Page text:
Each of us has chosen Redmond as our hometown. Many, like our family, arrived in the early 1980s because of an employment opportunity. Many more have made the same choice over the past four decades especially in the last few years. Most likely we were drawn to Redmond because of its neighborhoods, great parks, and good schools, though many have noticed that their quality of life is eroding every day. They tell me that Redmond is just not as livable or safe as it was when they arrived.
Together we have shared in the daily frustration of traffic everywhere. When we hear sirens, we hope that the emergency responders make it on time or that a crime isn’t happening in a neighborhood nearby. Daily, people express their concern about living with these and other impacts resulting from the city not handling the rate of growth in a better, thoughtful and responsible manner. These impacts are just “the tip of the iceberg”— the result of decisions either made or not made by our Redmond elected officials.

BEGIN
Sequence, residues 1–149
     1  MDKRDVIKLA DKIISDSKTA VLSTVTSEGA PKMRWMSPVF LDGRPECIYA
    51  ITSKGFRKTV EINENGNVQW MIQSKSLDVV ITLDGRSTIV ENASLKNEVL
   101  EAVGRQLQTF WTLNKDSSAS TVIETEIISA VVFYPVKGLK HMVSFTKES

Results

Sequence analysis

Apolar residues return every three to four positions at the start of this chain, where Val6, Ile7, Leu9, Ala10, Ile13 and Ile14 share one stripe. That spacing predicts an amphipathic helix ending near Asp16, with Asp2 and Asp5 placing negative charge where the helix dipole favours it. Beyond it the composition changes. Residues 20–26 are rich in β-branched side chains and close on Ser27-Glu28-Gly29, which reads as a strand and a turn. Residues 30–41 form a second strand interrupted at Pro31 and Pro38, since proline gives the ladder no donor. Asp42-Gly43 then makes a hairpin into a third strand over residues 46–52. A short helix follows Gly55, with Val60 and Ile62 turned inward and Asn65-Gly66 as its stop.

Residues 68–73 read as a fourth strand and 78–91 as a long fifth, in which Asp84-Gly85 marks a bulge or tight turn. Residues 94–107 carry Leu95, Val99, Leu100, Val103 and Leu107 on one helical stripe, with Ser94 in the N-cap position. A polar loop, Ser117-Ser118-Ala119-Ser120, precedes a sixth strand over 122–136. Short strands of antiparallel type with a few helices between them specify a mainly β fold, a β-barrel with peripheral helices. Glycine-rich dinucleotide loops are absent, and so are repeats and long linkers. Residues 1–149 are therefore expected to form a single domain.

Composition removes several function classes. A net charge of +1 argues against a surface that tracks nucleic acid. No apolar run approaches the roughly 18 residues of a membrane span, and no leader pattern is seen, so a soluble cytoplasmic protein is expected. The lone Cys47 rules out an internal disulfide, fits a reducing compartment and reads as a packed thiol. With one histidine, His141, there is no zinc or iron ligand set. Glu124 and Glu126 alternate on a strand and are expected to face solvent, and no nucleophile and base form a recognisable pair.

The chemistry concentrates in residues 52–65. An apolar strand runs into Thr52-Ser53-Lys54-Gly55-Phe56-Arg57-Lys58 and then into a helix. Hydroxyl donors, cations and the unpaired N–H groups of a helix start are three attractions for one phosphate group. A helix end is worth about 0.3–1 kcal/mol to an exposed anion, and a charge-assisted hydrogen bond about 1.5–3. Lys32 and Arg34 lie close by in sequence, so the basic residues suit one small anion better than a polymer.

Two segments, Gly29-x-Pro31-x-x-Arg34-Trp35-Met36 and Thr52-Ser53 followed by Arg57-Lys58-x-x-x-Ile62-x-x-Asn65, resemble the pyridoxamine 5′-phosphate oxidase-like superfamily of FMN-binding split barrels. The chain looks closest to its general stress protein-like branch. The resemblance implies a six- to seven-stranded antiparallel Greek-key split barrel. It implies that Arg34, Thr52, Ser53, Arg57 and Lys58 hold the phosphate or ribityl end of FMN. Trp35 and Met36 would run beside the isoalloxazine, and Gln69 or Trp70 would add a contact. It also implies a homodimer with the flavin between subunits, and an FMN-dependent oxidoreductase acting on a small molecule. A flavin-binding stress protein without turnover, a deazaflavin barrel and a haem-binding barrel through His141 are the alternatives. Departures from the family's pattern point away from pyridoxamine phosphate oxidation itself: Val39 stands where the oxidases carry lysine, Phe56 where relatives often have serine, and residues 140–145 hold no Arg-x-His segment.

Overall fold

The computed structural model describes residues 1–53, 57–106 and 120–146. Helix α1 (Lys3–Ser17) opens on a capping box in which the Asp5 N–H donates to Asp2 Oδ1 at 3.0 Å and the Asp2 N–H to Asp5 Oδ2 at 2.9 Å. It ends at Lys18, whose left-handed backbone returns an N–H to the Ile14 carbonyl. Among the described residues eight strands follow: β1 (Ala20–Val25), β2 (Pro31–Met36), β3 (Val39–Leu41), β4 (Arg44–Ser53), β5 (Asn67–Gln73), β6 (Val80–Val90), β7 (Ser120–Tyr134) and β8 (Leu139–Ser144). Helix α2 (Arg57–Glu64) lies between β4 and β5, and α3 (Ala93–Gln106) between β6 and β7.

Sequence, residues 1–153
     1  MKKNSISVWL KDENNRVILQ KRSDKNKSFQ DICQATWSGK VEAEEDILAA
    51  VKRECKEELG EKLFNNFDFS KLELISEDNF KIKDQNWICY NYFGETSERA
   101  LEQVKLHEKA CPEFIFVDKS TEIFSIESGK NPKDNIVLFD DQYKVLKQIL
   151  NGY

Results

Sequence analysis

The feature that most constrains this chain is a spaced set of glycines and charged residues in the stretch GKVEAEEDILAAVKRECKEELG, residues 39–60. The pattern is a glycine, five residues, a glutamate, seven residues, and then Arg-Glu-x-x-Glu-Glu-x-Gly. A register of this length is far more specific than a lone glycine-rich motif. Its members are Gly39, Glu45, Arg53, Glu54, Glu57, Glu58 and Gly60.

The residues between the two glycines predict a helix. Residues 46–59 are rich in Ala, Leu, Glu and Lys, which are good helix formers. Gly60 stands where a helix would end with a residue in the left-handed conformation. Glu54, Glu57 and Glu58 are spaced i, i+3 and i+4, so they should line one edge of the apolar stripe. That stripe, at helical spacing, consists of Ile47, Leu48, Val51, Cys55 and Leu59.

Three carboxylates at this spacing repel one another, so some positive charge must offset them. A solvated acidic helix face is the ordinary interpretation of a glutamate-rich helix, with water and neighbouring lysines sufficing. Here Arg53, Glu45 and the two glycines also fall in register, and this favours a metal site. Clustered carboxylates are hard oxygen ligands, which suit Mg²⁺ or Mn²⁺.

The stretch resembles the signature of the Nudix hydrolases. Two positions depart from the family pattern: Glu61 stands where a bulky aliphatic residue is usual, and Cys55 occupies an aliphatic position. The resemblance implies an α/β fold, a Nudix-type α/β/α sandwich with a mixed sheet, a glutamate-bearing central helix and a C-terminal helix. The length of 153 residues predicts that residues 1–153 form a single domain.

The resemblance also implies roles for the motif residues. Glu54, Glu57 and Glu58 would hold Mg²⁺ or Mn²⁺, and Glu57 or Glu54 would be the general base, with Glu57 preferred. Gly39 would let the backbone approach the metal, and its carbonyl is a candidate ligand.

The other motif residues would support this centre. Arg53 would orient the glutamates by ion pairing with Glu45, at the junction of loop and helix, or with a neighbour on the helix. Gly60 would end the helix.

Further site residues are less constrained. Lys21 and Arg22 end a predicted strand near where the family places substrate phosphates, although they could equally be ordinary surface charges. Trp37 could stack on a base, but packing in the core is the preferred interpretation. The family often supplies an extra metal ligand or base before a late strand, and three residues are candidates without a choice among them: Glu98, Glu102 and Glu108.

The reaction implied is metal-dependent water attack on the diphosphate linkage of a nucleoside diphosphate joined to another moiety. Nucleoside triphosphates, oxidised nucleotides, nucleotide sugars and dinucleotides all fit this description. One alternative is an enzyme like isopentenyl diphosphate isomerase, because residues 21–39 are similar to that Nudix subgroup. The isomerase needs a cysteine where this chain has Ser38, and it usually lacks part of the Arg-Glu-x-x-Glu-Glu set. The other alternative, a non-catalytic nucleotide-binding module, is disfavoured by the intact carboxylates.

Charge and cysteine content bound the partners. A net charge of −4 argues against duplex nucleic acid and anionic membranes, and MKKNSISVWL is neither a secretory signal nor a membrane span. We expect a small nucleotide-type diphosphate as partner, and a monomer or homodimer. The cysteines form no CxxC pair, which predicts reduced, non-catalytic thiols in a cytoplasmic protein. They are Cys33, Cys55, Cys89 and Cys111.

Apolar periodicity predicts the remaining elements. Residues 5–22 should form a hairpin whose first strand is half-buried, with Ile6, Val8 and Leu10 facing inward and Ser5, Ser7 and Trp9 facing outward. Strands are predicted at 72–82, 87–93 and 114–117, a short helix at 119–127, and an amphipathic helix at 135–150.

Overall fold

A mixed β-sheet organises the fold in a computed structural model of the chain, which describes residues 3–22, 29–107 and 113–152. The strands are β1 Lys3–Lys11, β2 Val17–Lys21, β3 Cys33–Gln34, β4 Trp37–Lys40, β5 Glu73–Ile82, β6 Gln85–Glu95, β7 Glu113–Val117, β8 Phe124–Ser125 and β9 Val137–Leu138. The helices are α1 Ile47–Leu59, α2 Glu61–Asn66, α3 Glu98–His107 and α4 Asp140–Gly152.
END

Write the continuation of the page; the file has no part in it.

Are you are concerned about the direction the city is going? The only way to change the direction is to change the decision makers in the next city election this fall. Fortunately, both mayor and four council positions (a majority) are on the ballot so a “course correction” is very possible. People who want to keep Redmond a great hometown need to come forward. It is important for there to be contested races, which require candidates to reveal their priorities, qualifications and pertinent experience so most importantly, voters are given a choice in selecting the best candidates. This election is pivotal in determining Redmond’s quality of life today and every day going forward.
I encourage people who want to keep Redmond a great hometown to run for elective office. The filing starts May 13 and ends May 17. More information on election filing is available at www.kingcounty.gov.
Redmond Mayor 1992-2007